Sunday, May 9th will mark a special day in the history of flood mitigation. We will have spent more time responding to Hurricane Harvey – and accomplishing little – than it took us to win World War II. December 7, 1941 to VJ Day on August 15, 1945 was 1349 days. On May 9, 2021, it will have been 1349 days since Hurricane Harvey ravaged Texas and the Gulf Coast.
What Happened to American Determination and Unity?
After Harvey, we stood united in a sense of grief, loss and determination. We vowed to implement measures that would make us more resilient against such storms in the future.
In the Lake Houston Area, we had a three part mitigation strategy:
- More upstream detention to help offset future releases from Lake Conroe.
- Dredging to eliminate blockages in the rivers.
- Additional flood gates on Lake Houston so we can shed water as fast as Lake Conroe sends it downstream.
Less in. Faster through. More out.
Grading the Report Card
So how have we done?
- We identified dozens of locations for public-sector upstream detention sites, but have yet to put a shovel in the ground at any one of them. We’re still in the grant application phase. For ONE.
- We’re still dredging the mouth bar on the San Jacinto West Fork that backed water up into thousands of homes and businesses.
- We have yet to start dredging the mouth bar on the San Jacinto East Fork.
- We are still debating a bill to form a Lake Houston Dredging and Maintenance District in the State legislature.
- We just finished a preliminary engineering study to add more flood gates to the Lake Houston dam. The second phase of the engineering study is just starting. The City hopes to finish it by September 2022 – five years after Harvey.
- We’ve completed a 3,600-page San Jacinto River Basin Master Drainage Plan, but have yet to prioritize, fund or implement one of its recommendations.
- We’re still waiting to hear about grants to study sedimentation; joint reservoir operations for Lakes Conroe and Houston; and more.
- We’re still fighting with each other over which neighborhood gets its flood mitigation projects started first.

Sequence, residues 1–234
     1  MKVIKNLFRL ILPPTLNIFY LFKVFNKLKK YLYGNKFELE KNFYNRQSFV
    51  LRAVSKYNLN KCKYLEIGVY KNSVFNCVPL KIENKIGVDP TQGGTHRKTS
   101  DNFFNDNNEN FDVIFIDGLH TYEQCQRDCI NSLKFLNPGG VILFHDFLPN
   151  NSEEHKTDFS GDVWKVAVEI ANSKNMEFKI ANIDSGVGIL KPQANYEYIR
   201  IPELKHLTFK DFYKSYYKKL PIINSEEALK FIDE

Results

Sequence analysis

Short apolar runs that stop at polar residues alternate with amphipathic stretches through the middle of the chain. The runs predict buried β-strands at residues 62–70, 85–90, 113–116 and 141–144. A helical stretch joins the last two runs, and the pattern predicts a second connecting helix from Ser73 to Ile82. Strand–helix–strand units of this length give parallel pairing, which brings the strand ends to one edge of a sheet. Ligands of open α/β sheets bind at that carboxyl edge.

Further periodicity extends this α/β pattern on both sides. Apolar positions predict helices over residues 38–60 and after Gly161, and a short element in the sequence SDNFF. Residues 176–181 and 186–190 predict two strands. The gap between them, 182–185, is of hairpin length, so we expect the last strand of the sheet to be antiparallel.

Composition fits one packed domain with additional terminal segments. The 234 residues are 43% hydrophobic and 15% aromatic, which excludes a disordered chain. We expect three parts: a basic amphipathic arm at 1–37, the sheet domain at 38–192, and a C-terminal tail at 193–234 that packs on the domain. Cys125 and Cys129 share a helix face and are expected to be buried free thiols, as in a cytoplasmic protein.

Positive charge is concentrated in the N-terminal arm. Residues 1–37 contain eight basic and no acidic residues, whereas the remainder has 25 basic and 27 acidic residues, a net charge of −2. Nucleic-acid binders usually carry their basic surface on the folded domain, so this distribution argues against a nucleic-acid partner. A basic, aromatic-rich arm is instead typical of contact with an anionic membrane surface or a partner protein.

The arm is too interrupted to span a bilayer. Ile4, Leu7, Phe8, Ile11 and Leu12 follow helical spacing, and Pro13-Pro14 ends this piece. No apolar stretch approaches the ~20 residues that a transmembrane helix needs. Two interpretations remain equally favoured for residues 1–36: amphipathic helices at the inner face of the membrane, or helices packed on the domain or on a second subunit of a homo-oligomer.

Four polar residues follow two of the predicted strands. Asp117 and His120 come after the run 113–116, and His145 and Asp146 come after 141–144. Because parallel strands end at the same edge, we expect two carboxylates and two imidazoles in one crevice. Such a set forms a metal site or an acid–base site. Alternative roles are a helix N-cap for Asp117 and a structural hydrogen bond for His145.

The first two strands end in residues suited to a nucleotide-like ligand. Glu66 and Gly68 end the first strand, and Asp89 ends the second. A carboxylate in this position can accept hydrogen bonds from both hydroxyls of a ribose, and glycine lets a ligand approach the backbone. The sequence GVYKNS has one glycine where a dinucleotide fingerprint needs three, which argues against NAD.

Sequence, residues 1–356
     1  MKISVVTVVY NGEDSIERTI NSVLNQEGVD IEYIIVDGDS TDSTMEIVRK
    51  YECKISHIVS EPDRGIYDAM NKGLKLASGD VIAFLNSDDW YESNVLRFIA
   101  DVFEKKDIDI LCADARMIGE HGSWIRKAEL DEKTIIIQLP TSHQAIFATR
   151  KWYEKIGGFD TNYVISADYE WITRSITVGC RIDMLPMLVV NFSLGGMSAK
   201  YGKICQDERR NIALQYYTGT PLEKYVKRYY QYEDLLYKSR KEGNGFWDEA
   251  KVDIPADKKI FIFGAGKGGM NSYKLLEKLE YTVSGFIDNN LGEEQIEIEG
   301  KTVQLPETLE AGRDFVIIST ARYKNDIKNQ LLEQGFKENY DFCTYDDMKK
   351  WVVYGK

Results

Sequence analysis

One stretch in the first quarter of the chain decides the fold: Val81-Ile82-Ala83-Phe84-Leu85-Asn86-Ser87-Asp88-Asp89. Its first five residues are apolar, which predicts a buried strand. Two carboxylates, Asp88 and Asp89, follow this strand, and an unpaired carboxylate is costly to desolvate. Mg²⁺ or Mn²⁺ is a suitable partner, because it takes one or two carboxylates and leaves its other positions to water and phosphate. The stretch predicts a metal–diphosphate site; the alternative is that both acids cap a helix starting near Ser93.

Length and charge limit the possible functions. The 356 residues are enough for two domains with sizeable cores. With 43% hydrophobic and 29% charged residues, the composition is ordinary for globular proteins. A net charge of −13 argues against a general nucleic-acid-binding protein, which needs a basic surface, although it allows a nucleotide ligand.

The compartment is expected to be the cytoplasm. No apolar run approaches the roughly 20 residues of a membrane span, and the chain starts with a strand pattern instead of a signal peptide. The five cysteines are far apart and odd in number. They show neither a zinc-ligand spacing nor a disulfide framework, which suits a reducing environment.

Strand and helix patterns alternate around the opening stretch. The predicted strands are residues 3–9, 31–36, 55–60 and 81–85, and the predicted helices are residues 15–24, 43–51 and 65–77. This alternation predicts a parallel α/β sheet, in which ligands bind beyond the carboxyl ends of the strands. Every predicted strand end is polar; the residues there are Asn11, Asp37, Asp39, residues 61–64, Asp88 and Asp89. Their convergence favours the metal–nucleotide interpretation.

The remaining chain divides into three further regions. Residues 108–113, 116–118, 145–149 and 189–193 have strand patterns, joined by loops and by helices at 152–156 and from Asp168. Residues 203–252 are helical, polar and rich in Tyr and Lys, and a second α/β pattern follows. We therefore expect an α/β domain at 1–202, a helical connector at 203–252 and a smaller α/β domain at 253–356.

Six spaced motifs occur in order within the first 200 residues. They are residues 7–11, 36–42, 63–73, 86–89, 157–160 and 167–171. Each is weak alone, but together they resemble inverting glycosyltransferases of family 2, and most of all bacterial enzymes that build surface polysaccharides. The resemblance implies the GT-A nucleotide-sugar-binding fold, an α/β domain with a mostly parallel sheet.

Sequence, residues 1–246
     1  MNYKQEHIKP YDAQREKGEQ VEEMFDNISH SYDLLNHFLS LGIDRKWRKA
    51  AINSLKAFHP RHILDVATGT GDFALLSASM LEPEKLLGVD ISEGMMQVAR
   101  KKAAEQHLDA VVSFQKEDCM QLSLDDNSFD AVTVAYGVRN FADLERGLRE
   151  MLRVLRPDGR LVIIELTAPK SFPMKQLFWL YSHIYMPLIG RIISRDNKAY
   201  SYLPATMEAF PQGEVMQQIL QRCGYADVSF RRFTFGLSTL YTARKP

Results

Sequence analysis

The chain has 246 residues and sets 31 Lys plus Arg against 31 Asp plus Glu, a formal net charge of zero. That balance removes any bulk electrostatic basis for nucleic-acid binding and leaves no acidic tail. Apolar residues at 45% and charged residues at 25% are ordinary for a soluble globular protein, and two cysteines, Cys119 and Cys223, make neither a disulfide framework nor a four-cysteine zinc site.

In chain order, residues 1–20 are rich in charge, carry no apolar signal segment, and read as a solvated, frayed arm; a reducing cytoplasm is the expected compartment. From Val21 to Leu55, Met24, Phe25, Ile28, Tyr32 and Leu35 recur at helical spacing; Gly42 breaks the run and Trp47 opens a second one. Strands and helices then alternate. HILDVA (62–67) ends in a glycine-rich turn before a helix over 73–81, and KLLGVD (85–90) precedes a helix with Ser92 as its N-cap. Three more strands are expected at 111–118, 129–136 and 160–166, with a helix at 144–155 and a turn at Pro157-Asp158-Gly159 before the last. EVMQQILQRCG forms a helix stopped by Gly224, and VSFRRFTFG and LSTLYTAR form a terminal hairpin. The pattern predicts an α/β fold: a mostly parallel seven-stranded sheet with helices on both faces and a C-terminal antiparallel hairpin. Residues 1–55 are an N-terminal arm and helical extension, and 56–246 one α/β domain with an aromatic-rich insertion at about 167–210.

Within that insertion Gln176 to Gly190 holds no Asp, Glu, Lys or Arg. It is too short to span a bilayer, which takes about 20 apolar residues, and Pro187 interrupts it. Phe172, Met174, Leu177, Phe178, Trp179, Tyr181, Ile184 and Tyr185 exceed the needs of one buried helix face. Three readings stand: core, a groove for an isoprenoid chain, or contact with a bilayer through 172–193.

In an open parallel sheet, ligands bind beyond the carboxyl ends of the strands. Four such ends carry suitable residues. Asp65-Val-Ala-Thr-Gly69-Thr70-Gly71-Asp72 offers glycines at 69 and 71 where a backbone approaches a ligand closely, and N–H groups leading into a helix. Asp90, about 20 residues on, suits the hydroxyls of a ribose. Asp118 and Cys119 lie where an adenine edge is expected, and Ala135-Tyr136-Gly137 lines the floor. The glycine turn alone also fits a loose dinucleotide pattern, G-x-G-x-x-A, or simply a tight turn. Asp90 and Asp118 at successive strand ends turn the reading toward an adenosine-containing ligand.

- Upstream officials still turn a blind eye to violations of their own flood regulations designed to protect public safety…in order to attract new development.
- We haven’t yet finished distributing hundreds of millions of dollars in aid to help people living in homes destroyed 1349 days ago.
- The winners of a HUD Hazard Mitigation Grant competition for Hurricane Harvey have yet to be announced.
- And the vast majority of money appropriated by Congress for Hurricane Harvey relief in February of 2018 has yet to work its way down to the local level.
We Need More Emphasis on Action
Imagine if we had still been studying an appropriate response to Pearl Harbor after 1349 Days. Somehow, we’ve confused studying problems with fixing them. Thought has become disconnected from action, or worse, substituted for it. This is not America’s finest hour.
We have compounded a natural disaster with:
- “Paralysis through analysis”
- Divided responses on the federal, state and local levels that have no central coordinator
- Contradictory priorities between upstream and downstream interests
- Complex, often contradictory, organizational requirements.
We CAN Be the Solution
We need to re-engineer business processes to focus on what matters:
- Helping people rebuild their homes, businesses and infrastructure…
- And reducing the risk of future disasters…
- In the least amount of time possible.
That’s it. It’s that simple. The first two are clear statements of intent to unify purpose. And the third is a simple goal by which everyone involved can measure individual efforts.
In the coming days, I will publish a series of articles on how to streamline the business processes built up around flood mitigation and disaster relief. One will be authored by George P. Bush, the state’s highest disaster relief official. And another will be anonymous to allow several people to speak freely and frankly.
My goal is to stimulate a public dialog that can help us get closer to the goals listed above.
Posted by Bob Rehak on 5/7/2021
1347 Days since Hurricane Harvey